Chinese manufacturing up, but activity sluggish
China's manufacturing sector started the new year on a dampening note.
Beijing - Measures for employment and domestic demand also weaken
Published: Thu 31 Jan 2019, 7:49 PM
Last updated: Thu 31 Jan 2019, 9:51 PM
China's manufacturing improved in January but activity was sluggish, a survey showed on Thursday, as US and Chinese negotiators wrangled in Washington over a tariff war.
A measure of factory activity issued by the government statistics agency and an industry group rose 0.1 points on a 100-point scale but stayed below a level that shows activity expanding.
Measures for employment and domestic demand weakened.
China's economic growth sank to a three-decade low of 6.6 per cent in 2018 after activity in the final quarter of the year dipped to its lowest level since the 2008 global crisis.
"We see economic growth remaining sluggish" through mid-2019, Citigroup economists said in a report. "We believe the government will step up efforts to keep the labor market stable."
Chinese and US negotiators began talks on Wednesday in Washington aimed at resolving the fight over US complaints about Beijing's technology ambitions. No details were announced.
Exports to the United States shrank 3.5 per cent in December from a year earlier as President Donald Trump's penalties began to depress demand.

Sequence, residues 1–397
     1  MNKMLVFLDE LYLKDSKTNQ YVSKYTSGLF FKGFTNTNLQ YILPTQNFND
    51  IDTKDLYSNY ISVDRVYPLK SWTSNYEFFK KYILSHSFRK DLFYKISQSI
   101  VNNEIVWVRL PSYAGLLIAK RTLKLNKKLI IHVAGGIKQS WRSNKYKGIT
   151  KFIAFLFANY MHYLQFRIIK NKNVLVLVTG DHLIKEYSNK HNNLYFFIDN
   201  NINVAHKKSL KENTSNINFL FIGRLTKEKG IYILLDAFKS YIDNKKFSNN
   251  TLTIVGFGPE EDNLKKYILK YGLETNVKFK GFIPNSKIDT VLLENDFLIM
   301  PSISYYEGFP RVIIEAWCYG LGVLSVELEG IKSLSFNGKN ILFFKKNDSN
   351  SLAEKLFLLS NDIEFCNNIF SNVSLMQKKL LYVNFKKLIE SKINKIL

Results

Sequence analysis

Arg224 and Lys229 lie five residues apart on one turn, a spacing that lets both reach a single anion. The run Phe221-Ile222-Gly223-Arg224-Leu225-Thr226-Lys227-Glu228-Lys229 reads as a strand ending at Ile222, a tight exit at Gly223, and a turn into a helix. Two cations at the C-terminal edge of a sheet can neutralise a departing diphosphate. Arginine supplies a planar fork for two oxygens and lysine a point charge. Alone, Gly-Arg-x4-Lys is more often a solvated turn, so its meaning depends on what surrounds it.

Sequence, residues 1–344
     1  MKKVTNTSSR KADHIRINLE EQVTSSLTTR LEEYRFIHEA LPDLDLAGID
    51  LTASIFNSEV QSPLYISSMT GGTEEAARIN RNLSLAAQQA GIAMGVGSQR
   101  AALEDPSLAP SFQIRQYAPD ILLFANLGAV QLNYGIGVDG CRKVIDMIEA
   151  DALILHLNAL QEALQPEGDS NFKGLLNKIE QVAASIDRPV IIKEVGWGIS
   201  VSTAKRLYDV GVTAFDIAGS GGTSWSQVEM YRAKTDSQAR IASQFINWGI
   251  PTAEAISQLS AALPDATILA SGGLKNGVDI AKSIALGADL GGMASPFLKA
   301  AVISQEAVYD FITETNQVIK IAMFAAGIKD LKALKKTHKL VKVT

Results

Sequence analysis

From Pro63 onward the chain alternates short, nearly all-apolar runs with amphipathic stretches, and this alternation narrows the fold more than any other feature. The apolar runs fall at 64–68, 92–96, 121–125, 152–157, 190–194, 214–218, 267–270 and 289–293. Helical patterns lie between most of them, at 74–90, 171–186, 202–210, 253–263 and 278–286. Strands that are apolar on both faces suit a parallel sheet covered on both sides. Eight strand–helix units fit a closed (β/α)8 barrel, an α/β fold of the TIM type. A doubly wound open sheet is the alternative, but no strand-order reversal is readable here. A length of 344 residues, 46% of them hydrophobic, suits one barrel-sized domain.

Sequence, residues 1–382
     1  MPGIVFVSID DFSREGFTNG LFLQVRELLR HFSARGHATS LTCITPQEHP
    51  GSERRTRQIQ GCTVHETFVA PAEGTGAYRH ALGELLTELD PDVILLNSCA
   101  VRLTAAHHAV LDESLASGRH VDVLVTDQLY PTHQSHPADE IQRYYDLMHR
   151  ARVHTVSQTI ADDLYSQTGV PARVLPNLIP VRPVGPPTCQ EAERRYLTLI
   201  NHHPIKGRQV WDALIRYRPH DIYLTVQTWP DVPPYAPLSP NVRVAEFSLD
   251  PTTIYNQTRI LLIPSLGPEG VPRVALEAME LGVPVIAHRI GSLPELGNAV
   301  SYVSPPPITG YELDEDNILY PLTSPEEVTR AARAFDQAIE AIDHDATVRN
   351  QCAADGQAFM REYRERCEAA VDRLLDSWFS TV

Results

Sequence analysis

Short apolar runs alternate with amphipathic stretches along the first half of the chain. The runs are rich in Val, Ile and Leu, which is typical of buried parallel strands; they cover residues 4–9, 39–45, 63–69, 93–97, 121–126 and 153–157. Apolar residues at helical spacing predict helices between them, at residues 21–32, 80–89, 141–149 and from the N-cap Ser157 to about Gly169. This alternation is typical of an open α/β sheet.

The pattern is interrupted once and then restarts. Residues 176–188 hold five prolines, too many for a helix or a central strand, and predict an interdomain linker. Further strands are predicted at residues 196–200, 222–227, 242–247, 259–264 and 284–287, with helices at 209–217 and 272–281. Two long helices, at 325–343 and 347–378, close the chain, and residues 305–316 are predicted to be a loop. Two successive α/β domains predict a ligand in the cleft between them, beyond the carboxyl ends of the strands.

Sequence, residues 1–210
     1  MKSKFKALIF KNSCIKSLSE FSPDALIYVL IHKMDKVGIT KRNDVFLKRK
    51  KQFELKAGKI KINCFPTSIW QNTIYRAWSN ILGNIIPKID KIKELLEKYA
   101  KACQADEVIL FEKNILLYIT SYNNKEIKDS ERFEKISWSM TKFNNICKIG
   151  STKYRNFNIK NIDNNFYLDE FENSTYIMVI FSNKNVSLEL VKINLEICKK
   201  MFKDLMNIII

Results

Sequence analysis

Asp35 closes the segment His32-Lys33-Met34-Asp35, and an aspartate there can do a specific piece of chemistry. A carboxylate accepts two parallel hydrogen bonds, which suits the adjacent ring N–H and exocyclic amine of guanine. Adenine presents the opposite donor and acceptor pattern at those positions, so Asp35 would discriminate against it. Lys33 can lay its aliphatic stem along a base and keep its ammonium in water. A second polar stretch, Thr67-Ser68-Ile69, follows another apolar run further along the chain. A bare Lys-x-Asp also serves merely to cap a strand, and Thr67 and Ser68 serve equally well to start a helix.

Communist leaders are trying to steer China to slower, more self-sustaining growth based on consumer spending instead of trade and investment. The deceleration has been sharper than expected, prompting Beijing to step up government spending and order banks to lend more to shore up growth and avoid politically dangerous job losses.
News of layoffs and lower sales of autos and real estate may have helped worsen the downturn by unnerving consumers, causing them to postpone spending.
The monthly purchasing managers' index of the National Bureau of Statistics and the China Federation of Logistics & Purchasing improved to 49.5 from December's 49.4.
The employment index declined 0.2 points to 47.8, showing more producers cutting jobs. The measure of new orders declined 0.1 points to 49.6.
Inventories rose, but ING's Robert Carnell cautioned that might reflect trade tension instead of economic strength as companies stockpile goods, anticipating possible further tariff hikes. "It probably shouldn't be read positively," said Carnell in a report. "It may have to be unwound in the months ahead."
Chinese leaders are trying to reduce reliance on trade and nurture self-sustaining economic growth based on domestic consumer spending. But their plans call for keeping exports stable to avoid politically dangerous job losses.
Some companies have shifted production of goods bound for the United States out of China to avoid Trump's tariffs. Others are lining up non-Chinese suppliers of industrial components.